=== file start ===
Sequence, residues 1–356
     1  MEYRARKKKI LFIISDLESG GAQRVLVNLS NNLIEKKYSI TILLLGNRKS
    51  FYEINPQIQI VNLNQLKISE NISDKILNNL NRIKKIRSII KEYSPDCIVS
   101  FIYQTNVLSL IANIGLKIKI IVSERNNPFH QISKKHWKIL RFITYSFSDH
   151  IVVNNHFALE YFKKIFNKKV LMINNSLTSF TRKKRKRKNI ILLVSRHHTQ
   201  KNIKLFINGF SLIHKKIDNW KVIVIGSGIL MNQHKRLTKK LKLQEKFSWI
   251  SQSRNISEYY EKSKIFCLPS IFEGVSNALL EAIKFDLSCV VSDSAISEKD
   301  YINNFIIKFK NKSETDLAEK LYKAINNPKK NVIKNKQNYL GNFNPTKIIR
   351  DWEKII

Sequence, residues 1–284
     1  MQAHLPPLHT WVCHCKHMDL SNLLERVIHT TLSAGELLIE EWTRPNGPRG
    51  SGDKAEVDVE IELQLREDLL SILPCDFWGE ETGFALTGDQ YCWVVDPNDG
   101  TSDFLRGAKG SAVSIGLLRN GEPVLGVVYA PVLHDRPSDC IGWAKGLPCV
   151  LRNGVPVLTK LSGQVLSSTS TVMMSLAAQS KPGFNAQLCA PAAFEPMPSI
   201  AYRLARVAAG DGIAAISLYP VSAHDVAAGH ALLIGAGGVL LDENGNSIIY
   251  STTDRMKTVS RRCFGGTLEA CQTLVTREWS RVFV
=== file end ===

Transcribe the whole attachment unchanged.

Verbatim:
Sequence, residues 1–356
     1  MEYRARKKKI LFIISDLESG GAQRVLVNLS NNLIEKKYSI TILLLGNRKS
    51  FYEINPQIQI VNLNQLKISE NISDKILNNL NRIKKIRSII KEYSPDCIVS
   101  FIYQTNVLSL IANIGLKIKI IVSERNNPFH QISKKHWKIL RFITYSFSDH
   151  IVVNNHFALE YFKKIFNKKV LMINNSLTSF TRKKRKRKNI ILLVSRHHTQ
   201  KNIKLFINGF SLIHKKIDNW KVIVIGSGIL MNQHKRLTKK LKLQEKFSWI
   251  SQSRNISEYY EKSKIFCLPS IFEGVSNALL EAIKFDLSCV VSDSAISEKD
   301  YINNFIIKFK NKSETDLAEK LYKAINNPKK NVIKNKQNYL GNFNPTKIIR
   351  DWEKII

Sequence, residues 1–284
     1  MQAHLPPLHT WVCHCKHMDL SNLLERVIHT TLSAGELLIE EWTRPNGPRG
    51  SGDKAEVDVE IELQLREDLL SILPCDFWGE ETGFALTGDQ YCWVVDPNDG
   101  TSDFLRGAKG SAVSIGLLRN GEPVLGVVYA PVLHDRPSDC IGWAKGLPCV
   151  LRNGVPVLTK LSGQVLSSTS TVMMSLAAQS KPGFNAQLCA PAAFEPMPSI
   201  AYRLARVAAG DGIAAISLYP VSAHDVAAGH ALLIGAGGVL LDENGNSIIY
   251  STTDRMKTVS RRCFGGTLEA CQTLVTREWS RVFV